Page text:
4

Using sed, I want to add check after nth occurrence

Input:

DCR
DCR
DCR

Output:

DCR
DCR
check
DCR

Is it possible using sed?

  • sed is Turing complete, so it is possible. But something else, like awk or perl might be more suited to this task. – muru Apr 21 '15 at 15:05
  • There is a duplicate here: unix.stackexchange.com/questions/88038/… – Valentin Bajrami Apr 21 '15 at 15:07
  • 1
    @val0x00ff it's very similar but I don't think it's a duplicate – roaima Apr 21 '15 at 16:04
4

With GNU sed:

sed -z 's/DCR/&\ncheck/2' <input >output

For non-uptodate versions:

sed '/DCR/{p;s/.*/1/;H;g;/^\(\n1\)\{2\}$/s//check/p;d}' <input >output

If there are more than 1 occurence DCR in line:

sed '
/DCR/{p
      x                               # tests if already have met pattern
      /^\(\n\a\)\{2\}/!{              #+apropriate times and, if so, cancel
        x                             #+the rest of commands
        s/DCR/\a/g                    # exchange DCR by \a symbol
        s/^[^\a]*\|[^\a]*$//g         # delete everything before & after it  
        s/[^\a]\+/\n/g                # substitute everything between by \n
        H
        g
        /^\(\n\a\)\{2\}/s/.*/check/p} # add 'check' for double pattern
      d}' <input >output
  • The first one is OK (+1 for using -z); the second one works OK only if there's one pattern per line (try it with a file where the first two occurrences of pattern are on the same line and the third is on another line). It is unclear though, whether the op wants to count lines matching pattern or just patterns... – don_crissti Apr 21 '15 at 17:46
  • @don_crissti It is rather different what OP asked but if you wants '/DCR/{p;s/DCR/\a/g;H;g;s/\n\?[^\n\a]*/\n/g;/^\(\n\a\)\{2\}\n\?$/s/.*/check/p;d}' where \a is \x07 symbol (can be any which sure will not met in the text. – Costas Apr 21 '15 at 18:39
  • @Costas I am getting below error for second command: sed:command garbled: /DCR/{p;s/.*/1/;H;g;/^\(\n1\)\{2\}$/s//check/p;d} – Menon Apr 22 '15 at 11:26
  • @Menon Try to add ; after last d. What version of sed do you use? (sed --version) – Costas Apr 22 '15 at 11:36
  • 1
    sed command garbled is at least a Solaris error message. GNU sed doesn't writw any errors like that. – mikeserv Jun 29 '15 at 7:09
5

With GNU sed, you can replace the nth pattern in a line

$ echo "foofoofoofoo" | sed 's/foo/&\nbar/2'
foofoo
barfoofoo

But for the nth line that contains the pattern, awk is easier:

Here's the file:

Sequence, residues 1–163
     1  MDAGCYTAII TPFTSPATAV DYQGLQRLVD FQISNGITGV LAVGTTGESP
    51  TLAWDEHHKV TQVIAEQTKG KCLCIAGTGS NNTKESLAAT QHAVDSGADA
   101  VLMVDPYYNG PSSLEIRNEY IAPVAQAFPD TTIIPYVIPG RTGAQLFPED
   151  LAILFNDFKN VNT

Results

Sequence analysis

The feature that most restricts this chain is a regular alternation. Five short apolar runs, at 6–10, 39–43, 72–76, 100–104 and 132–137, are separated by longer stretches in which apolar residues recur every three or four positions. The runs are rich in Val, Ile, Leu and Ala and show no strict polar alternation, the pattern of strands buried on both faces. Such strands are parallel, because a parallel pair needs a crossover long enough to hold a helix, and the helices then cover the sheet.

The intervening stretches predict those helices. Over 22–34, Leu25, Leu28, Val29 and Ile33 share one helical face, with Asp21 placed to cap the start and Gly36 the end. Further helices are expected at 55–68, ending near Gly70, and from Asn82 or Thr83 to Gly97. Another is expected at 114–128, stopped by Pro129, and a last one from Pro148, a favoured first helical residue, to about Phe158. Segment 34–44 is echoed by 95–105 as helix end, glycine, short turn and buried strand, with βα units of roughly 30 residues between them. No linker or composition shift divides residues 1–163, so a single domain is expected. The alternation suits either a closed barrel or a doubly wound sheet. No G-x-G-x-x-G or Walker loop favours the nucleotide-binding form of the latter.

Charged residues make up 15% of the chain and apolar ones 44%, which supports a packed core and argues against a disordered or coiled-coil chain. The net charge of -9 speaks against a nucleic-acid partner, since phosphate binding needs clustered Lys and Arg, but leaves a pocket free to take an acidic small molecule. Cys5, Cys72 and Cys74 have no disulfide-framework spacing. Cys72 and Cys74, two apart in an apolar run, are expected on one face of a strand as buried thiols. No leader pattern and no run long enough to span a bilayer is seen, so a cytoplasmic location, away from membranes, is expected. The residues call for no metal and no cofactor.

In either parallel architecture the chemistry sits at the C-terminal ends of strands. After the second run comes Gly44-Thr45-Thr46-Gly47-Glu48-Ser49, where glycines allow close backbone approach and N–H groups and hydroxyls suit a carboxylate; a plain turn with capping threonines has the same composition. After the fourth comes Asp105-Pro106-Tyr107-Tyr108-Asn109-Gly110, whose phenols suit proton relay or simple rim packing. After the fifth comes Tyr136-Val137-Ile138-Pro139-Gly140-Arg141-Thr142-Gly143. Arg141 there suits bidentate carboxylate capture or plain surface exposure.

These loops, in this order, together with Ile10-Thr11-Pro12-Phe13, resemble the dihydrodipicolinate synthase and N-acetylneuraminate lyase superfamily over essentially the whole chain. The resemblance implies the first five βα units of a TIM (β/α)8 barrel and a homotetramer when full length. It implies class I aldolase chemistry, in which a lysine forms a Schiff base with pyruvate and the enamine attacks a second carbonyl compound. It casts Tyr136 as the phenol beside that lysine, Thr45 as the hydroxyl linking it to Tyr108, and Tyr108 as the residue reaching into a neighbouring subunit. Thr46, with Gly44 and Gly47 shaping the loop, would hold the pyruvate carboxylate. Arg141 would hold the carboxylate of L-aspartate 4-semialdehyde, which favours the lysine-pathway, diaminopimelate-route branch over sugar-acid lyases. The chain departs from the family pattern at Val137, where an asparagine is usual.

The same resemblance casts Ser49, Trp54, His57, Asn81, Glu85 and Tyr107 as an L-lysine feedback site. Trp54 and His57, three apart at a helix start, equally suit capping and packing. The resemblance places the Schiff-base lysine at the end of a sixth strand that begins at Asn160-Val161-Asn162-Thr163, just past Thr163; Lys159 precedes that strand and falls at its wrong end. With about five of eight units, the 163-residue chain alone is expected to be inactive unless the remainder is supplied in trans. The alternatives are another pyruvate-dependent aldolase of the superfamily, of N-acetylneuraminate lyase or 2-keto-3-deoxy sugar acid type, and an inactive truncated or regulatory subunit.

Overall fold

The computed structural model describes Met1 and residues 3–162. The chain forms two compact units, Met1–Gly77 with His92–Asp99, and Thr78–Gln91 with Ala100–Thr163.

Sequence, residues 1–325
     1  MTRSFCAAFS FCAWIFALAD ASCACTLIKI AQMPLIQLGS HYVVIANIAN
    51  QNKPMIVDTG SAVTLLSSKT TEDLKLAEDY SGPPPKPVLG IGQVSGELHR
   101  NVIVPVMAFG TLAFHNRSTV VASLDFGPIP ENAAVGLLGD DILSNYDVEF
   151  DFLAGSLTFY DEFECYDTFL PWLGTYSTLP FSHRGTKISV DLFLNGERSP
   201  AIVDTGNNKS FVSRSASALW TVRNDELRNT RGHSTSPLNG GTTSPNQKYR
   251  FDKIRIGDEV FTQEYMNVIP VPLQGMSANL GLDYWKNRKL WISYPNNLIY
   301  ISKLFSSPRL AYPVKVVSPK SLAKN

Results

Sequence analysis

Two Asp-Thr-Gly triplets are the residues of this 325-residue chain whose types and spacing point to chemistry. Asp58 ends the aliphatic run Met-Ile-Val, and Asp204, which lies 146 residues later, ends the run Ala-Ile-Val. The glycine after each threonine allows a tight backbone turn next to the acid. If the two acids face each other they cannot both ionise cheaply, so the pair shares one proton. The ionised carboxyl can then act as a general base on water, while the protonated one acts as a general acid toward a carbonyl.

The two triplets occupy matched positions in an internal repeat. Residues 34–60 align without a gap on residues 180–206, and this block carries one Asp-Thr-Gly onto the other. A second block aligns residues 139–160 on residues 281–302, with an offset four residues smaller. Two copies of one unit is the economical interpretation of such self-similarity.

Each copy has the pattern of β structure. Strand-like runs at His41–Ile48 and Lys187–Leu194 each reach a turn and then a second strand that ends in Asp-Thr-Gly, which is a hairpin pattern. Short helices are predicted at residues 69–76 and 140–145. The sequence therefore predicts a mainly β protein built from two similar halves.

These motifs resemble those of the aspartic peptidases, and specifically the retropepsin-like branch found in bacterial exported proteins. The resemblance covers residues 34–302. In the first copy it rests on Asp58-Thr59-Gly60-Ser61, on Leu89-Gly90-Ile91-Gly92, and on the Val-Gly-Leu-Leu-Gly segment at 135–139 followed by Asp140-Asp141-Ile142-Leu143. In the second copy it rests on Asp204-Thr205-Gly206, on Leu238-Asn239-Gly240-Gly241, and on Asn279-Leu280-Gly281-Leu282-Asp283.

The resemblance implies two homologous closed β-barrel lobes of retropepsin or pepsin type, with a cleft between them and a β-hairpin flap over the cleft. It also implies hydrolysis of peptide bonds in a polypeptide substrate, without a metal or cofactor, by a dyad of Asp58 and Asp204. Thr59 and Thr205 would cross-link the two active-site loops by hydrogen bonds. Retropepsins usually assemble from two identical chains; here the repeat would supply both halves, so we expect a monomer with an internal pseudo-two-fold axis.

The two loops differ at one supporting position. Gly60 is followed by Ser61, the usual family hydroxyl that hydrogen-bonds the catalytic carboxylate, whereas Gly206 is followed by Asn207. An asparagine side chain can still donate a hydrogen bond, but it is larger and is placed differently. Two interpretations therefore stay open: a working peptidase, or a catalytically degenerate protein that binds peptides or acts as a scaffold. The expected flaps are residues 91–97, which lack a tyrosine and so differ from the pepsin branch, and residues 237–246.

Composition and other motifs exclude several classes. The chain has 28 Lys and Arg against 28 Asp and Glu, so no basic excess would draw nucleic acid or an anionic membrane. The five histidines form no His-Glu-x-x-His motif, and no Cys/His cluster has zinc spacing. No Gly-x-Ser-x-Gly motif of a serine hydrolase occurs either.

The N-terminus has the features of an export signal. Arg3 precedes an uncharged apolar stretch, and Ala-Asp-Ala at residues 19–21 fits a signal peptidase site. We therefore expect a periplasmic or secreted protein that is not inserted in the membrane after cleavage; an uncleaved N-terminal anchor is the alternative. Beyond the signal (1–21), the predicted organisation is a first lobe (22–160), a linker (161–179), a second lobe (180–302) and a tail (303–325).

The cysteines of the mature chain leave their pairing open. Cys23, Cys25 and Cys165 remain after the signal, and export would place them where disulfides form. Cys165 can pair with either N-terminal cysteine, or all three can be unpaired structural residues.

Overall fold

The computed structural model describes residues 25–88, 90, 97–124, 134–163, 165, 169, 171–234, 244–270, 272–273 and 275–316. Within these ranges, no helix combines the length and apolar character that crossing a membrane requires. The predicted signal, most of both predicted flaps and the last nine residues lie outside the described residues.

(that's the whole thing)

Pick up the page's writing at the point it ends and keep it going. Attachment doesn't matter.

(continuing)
awk -v n=2 -v patt=foo '{print} $0 ~ patt && ++count == n {print "bar"}' <<END
foo1
foo2
foo3
foo4
END
foo1
foo2
bar
foo3
foo4
  • There is a duplicate here: unix.stackexchange.com/questions/88038/… – Valentin Bajrami Apr 21 '15 at 15:07
  • @glenn I want to add line after the line where nth occurrence of pattern occurs. – Menon Apr 22 '15 at 11:26
  • Be specific: after the nth line that contains the pattern? What happens if the pattern matches n times on the 1st line? – glenn jackman Apr 22 '15 at 13:41
  • @glenn yes, after the nth line that contains the pattern. – Menon Apr 23 '15 at 14:11
  • This awk command meets that requirement. – glenn jackman Apr 23 '15 at 14:31
2

I don't have a direct answer in sed. In awk, on the other hand, it is easy:

echo -e "DCR\nDCR\nDCR" |\
awk 'BEGIN {t=0}; { print }; /DCR/ { t++; if ( t==2) { print "check" } }'
  • I used this command in bash script: awk 'BEGIN {t=0}; { print }; /DCR/ { t++; if ( t==2) { print "check" } }' file > newfile But I am getting error:awk: syntax error near line 1 awk: bailing out near line 1 – Menon Apr 22 '15 at 11:31
2

GNU sed

sed is not well suited for this task, but of course you can still do it. Here is one way that saves a string that is n long in the hold-space, and uses that to count the number of DCR occurrences:

n=2

((yes | head -n$n | tr -d \\n; echo); cat infile) | 
sed '
  1 {h;d}            # save counting string
  /DCR/ {            #
    x; s/.//; x      # n--
    T chk            # if n=0 goto "chk"
  }
  P;D 
  :chk               # insert check
  i\check
  :a; N; ba          # print rest of file
'

awk

As noted by glenn, awk is much cleaner, here is a golfed version, but similar logic:

<infile awk '!n { print "check" } /DCR/ { n-- } 1' n=2
2

You can do this with sed on a stack...

sed '/match$/N
     s/\n/&INSERT&/3;t
     $n;N;P;D'

That would insert INSERT following every 3rd non-sequential occurrence of match in input. It is the most efficient way I know to do it with sed because it does not attempt to store all lines that occur between different matches, nor does it necessitate buffer swaps or back-ref comparisons, but instead simply increments sed's only means of counting at all - its line-number via its line-cycle.